MoodGYM, the pioneer, was developed by Australian psychologists in 2001. Now there are several similar programs in wide use and with good evidence behind them (and lots of junk programs that are completely ineffective).
MoodGYM and its kin are important because untreated mental illness is a huge global problem. Depression is the leading cause of disability for women worldwide, and the second-leading cause for men. If medical care is hard to come by in much of the world — in rural Indiana as well as rural India — mental health care is often impossible to get. In the United States, at least half of major depression goes untreated, and in very poor countries the figure is close to 100 percent.
Why don’t people get treated? Many don’t know they have a treatable disease, or don’t believe that treatment will help them. Some know they have a problem, but the stigma of mental illness keeps them from facing it and seeking help.
Online therapy can’t do much about those barriers. But it can help people who stay sick because there are no therapists nearby, who fear being judged or embarrassed in therapy, who can’t take time off from work, or for whom the cost of treatment is too high. It allows people to carry therapy around in their pockets, use it at 2 a.m., and pay nothing or nearly nothing.
In the late 1990s, Helen Christensen, a mental health researcher at the Australian National University in Canberra, and her colleague Kathleen Griffiths worked with local designers to create MoodGYM, which was adopted by Australia’s national health system six years ago. Christensen is now the chief scientist at the mood-disorder research Black Dog Institute (named after Winston Churchill’s famous term for his own depression), where she researches and designs more online programs. Among these are BiteBack for teenagers and MyCompass, which aims to treat anxiety, stress and depression in mature adults (MoodGYM is pitched younger, although older people use it, too). MyCompass is designed in small chunks, “something you can do at the bus stop on your mobile phone,” said Christensen. Both are available to anyone with a computer worldwide.
MoodGYM was controversial when it first came out. “People did feel threatened,” said Christensen. “They said it’s unethical, harmful – you’re doing damage and you don’t know it. Or you’re stopping people from getting the real help they need.”
But MoodGYM has been widely successful, without the predicted consequences. About 100,000 Australians use it each year, as do people in 200 countries.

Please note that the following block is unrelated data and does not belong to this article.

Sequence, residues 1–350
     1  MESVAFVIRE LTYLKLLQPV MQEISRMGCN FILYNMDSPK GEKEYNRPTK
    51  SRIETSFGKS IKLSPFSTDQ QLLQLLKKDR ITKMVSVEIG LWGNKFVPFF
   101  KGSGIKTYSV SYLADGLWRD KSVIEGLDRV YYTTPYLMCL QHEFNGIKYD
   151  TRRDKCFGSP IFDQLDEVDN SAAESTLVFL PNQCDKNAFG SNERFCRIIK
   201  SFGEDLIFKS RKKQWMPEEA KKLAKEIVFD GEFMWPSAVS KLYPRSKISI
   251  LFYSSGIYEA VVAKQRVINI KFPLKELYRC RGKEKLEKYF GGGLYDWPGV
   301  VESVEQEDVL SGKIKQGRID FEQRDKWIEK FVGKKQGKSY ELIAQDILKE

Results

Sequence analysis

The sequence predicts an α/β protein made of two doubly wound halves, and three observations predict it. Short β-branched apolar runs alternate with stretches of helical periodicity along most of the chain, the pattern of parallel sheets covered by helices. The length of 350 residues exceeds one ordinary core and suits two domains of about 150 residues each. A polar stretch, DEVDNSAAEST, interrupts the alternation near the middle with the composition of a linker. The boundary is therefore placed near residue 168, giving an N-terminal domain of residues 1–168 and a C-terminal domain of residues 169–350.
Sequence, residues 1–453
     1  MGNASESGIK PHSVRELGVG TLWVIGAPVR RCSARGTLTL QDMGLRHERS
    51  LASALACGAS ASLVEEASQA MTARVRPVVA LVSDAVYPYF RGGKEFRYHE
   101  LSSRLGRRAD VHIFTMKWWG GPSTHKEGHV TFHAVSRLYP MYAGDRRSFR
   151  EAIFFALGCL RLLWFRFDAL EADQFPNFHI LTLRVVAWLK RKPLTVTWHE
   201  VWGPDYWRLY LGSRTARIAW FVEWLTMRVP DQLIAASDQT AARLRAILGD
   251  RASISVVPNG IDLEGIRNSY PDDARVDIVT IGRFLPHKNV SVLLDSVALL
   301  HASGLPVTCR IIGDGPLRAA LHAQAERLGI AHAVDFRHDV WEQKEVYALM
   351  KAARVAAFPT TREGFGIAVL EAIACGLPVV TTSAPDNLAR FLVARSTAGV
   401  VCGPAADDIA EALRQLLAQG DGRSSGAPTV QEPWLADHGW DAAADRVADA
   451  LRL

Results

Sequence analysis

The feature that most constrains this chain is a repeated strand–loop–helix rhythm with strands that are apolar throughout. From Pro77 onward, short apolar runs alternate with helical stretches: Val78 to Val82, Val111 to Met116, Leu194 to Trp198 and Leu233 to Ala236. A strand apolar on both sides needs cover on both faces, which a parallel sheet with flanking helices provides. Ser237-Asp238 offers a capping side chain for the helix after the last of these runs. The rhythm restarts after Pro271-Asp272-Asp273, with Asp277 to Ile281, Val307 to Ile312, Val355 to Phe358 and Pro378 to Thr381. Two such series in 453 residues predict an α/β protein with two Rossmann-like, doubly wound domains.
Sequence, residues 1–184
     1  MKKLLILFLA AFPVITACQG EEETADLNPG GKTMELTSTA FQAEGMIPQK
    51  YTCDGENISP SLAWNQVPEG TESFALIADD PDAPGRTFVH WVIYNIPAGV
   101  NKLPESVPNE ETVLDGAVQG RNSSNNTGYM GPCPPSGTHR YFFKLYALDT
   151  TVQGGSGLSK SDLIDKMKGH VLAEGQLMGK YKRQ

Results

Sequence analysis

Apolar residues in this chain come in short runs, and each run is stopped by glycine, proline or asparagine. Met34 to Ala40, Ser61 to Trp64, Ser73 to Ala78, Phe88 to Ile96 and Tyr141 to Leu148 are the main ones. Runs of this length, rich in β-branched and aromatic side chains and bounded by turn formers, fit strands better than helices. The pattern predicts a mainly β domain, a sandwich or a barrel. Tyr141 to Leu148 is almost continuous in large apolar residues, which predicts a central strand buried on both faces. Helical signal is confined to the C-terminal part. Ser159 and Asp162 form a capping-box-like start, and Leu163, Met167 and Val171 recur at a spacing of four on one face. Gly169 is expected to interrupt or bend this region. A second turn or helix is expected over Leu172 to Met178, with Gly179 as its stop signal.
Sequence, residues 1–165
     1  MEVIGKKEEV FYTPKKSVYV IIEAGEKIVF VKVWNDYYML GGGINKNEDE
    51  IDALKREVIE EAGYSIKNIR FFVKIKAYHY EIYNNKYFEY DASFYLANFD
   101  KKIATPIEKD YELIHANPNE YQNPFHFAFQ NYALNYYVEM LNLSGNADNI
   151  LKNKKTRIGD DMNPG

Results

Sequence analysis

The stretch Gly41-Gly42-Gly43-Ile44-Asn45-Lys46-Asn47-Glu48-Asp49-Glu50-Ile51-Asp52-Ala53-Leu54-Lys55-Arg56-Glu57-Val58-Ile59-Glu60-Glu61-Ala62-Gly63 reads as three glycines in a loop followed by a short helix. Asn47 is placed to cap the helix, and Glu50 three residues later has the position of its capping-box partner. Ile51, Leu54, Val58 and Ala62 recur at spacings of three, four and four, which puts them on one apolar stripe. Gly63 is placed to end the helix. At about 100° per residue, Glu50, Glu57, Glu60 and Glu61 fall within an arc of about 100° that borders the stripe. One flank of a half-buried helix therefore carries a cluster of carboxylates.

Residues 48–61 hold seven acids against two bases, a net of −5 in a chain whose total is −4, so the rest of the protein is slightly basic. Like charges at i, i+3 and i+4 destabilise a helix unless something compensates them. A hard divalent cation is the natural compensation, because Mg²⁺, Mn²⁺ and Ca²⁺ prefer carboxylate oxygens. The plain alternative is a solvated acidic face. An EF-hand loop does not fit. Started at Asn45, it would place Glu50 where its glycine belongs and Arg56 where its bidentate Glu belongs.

Australia is ground zero, but other online cognitive behavioral therapy programs are also widely used in the Netherlands, Sweden and Britain. In 2007, the British National Health Service began covering a program called FearFighter for phobias and anxiety, and another program, Beating the Blues, for depression. Both can be used for no cost through participating National Health Service doctors, or bought to use alone. Beating the Blues costs the equivalent of $237. FearFighter is $154, or $313 if you want telephone support from clinicians.
In a medical setting, most doctors use online therapy in what’s called a stepped model. Patients with mild to moderate problems start with the computer program, checking in every so often with a therapist or case manager. Those who don’t get better are then treated face to face by a therapist and, if that doesn’t work, by a specialist. (Patients with very serious issues start with in-person therapy.)
Online therapy is effective against an astonishing variety of disorders. A Swedish survey of studies found that online C.B.T. has been tested for 25 different ones. It was most effective for depression, anxiety disorders, severe health anxiety, irritable bowel syndrome, female sexual dysfunction, eating disorders, cannabis use and pathological gambling. “Comparison to conventional C.B.T. showed that [online] C.B.T. produces equivalent effects,” the researchers concluded.
Cuijpers said there were fewer studies of online therapy to treat insomnia, pain and alcohol abuse, but what’s been done has shown good effects. (Last week the Upshot published one contributor’s story of his success using online C.B.T. for insomnia.)
MoodGYM, like some other programs, can be completely self-guided. People who use these programs alone tend to see a small but significant effect — the program helps, but not as much as the same program with occasional human contact. That could be check-ins with a therapist, but it doesn’t have to be. The human could be a case manager or possibly a peer. Encouragement and support are what count, not expertise.
The main reason self-guided C.B.T. doesn’t work as well is that people tend to stop using it. The human touch encourages people to stick with it. One study of adolescents found that almost 60 percent of users stopped MoodGYM after the first module when they were working unsupported on their own. When the same program was used with monitoring and support, only 10 percent stopped.